ULTIMATUMS usually end badly, especially in politics The Democratic Alliance’s pushing and shoving of presidential candidate Mamphela Ramphele this week, which saw the alliance forcing South Africa’s first black female presidential nomination to walk the plank on Monday, does not bode well for South Africa’s opposition.
Instead of a win-win situation, we are left with a lose-lose predicament in which both parties are taking flack from critics. The “game-changing” moment which promised a realignment of the political landscape has instead turned into a stark example of Bolwerism.
In negotiations with labour unions, it is an offer which is ultimate and to which no further revisions will be made. When Helen Zille “fired” her party’s only Presidential nomination, after a technical committee had spent barely hours attempting to thrash out a deal on Sunday which could have resulted in a win-win, political, face-saving solution, she was also firing her party’ hope for a future in which a black president drawn from the opposition has a chance of victory in the 2014 general election.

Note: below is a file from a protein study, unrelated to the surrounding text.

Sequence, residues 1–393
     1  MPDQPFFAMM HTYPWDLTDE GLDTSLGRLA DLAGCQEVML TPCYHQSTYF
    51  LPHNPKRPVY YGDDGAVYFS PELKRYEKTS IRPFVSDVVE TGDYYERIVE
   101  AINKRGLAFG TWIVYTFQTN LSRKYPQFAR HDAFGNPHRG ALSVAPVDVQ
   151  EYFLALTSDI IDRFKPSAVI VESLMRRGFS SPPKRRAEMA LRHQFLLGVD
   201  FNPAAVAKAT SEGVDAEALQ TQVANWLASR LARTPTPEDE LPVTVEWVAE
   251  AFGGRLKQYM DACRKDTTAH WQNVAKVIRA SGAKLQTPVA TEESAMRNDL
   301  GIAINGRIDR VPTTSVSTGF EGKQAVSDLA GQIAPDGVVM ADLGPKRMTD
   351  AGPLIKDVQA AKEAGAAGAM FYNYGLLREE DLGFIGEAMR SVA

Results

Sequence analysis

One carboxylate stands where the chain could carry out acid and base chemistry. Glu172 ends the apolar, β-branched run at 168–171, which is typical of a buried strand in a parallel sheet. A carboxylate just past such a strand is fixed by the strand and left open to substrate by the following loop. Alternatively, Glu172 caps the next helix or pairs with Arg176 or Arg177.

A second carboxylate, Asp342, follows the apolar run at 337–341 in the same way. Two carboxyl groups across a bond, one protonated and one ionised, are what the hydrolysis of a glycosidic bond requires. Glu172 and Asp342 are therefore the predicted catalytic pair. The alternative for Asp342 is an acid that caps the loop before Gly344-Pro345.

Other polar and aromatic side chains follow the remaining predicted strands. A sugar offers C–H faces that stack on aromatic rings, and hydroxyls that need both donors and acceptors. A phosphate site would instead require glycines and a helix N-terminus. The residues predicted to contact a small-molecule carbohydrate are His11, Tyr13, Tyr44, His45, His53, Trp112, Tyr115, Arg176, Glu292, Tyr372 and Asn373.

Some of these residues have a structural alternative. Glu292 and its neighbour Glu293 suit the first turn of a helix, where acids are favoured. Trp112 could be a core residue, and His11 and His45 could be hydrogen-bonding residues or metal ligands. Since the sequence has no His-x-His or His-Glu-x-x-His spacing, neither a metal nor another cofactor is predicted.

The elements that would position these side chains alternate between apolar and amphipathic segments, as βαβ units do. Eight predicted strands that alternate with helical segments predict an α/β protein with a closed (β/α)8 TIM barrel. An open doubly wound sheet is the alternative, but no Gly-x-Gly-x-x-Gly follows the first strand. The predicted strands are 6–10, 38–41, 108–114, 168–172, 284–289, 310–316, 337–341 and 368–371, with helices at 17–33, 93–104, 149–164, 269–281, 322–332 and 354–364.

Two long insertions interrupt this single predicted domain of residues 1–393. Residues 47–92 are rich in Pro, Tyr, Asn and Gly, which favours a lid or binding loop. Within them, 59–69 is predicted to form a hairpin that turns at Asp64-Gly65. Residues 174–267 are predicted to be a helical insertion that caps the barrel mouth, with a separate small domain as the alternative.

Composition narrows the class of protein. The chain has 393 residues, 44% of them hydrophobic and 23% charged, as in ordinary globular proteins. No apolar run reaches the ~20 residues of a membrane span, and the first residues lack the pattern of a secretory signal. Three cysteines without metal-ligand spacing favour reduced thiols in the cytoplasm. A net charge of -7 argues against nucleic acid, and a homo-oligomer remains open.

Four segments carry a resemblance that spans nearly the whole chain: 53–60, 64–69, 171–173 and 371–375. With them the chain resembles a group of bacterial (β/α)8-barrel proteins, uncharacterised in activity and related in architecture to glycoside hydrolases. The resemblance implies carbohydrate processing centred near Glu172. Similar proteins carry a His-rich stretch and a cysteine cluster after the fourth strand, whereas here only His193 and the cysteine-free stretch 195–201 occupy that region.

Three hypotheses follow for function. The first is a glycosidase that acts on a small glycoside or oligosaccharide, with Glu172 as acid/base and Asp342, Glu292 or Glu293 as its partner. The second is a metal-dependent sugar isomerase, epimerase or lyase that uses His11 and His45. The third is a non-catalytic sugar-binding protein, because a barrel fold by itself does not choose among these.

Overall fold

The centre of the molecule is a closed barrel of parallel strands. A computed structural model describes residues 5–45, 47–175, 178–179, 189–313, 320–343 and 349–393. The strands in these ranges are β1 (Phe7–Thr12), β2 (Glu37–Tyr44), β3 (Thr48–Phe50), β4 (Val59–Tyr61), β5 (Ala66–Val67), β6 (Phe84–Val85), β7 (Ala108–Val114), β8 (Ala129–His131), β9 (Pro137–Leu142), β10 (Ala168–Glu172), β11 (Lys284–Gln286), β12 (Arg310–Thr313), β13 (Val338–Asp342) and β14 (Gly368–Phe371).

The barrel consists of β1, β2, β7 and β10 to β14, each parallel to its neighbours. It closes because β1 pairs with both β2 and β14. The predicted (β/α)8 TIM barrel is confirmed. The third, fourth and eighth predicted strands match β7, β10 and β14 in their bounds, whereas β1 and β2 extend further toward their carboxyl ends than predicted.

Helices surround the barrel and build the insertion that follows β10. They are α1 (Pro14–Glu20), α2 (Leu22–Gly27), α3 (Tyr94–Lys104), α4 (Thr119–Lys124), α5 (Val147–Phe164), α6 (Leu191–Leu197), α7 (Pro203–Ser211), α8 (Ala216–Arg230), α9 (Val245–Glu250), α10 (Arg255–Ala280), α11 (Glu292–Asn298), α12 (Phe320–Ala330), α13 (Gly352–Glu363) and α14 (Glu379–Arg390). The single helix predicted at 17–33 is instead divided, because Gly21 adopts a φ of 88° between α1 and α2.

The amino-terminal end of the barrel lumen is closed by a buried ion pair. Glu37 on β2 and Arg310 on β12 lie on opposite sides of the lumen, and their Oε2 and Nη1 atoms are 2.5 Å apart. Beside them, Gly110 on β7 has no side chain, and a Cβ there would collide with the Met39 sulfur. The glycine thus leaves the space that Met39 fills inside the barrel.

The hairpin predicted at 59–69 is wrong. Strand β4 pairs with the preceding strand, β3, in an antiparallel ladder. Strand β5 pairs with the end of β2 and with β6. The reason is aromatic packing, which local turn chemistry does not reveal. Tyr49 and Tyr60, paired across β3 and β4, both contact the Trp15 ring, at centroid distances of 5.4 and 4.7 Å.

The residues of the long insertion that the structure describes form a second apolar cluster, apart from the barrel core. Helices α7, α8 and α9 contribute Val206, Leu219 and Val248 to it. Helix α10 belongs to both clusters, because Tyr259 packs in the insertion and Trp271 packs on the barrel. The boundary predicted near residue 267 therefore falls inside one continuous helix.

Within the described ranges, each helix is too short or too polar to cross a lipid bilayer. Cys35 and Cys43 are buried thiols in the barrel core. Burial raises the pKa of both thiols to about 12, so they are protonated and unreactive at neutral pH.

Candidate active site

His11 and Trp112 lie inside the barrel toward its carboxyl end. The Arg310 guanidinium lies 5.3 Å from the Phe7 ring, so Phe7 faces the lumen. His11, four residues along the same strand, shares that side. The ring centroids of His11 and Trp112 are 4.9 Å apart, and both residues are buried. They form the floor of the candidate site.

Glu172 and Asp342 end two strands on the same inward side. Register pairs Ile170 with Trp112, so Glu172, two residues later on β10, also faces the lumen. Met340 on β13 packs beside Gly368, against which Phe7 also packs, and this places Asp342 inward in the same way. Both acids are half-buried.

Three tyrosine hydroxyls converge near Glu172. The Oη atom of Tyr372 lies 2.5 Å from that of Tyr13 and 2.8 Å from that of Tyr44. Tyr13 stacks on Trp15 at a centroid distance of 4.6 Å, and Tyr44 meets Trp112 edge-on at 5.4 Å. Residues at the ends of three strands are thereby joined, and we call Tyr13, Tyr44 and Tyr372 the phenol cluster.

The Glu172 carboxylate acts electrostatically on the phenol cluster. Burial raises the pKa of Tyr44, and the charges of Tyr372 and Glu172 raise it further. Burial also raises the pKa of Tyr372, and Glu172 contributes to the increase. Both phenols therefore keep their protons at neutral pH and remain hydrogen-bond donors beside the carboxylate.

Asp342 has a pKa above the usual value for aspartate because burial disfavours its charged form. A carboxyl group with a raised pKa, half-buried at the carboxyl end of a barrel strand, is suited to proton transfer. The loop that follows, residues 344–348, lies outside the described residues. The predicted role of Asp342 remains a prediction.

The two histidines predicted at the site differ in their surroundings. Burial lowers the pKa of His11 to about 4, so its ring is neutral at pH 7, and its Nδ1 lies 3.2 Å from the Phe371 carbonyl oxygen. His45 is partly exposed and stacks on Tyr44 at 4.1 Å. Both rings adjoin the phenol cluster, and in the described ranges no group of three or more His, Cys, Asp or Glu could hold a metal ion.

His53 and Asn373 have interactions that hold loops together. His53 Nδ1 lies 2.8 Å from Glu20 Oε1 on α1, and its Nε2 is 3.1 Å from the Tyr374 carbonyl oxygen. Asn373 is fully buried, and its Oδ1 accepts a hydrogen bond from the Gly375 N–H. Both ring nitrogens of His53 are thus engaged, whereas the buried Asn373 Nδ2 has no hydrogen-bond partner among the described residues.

There are also bound to be consequences for labour to ending a professional relationship with a woman who has been highly critical of the use of cheap black labour to fund industrial capital in South Africa. Most recently Ramphele critiqued the mining industry, saying it was still stuck in the 19th century. Although Ramphele was once a non-executive director at Anglo American, in the light of Marikana, she requested to step down from the board with effect from 25 July 2012 in order to concentrate her efforts on her educational and societal interests.
Embarking on a campaign in South Africa’s rural heartland, Mamphele has been tackling the migrant labour system underpinning the nation’s economy.
Voters are left wondering if Zille forgot that it is an election year. Instead her “take it or leave it” ultimatum– a demand whose fulfillment is requested in a specified period of time and which is backed up by a threat to be followed through in case of noncompliance — is bound to result in more questions than answers, raising doubts about the integrity of her leadership.
A combined electoral college of the country’s opposition parties, in which each party canvassed votes to elect a Presidential candidate, who would first sit in the House of Assembly before rising to the National Executive, under a unified opposition coalition, or super-party, would have easily solved the political impasse and revolt within her own party.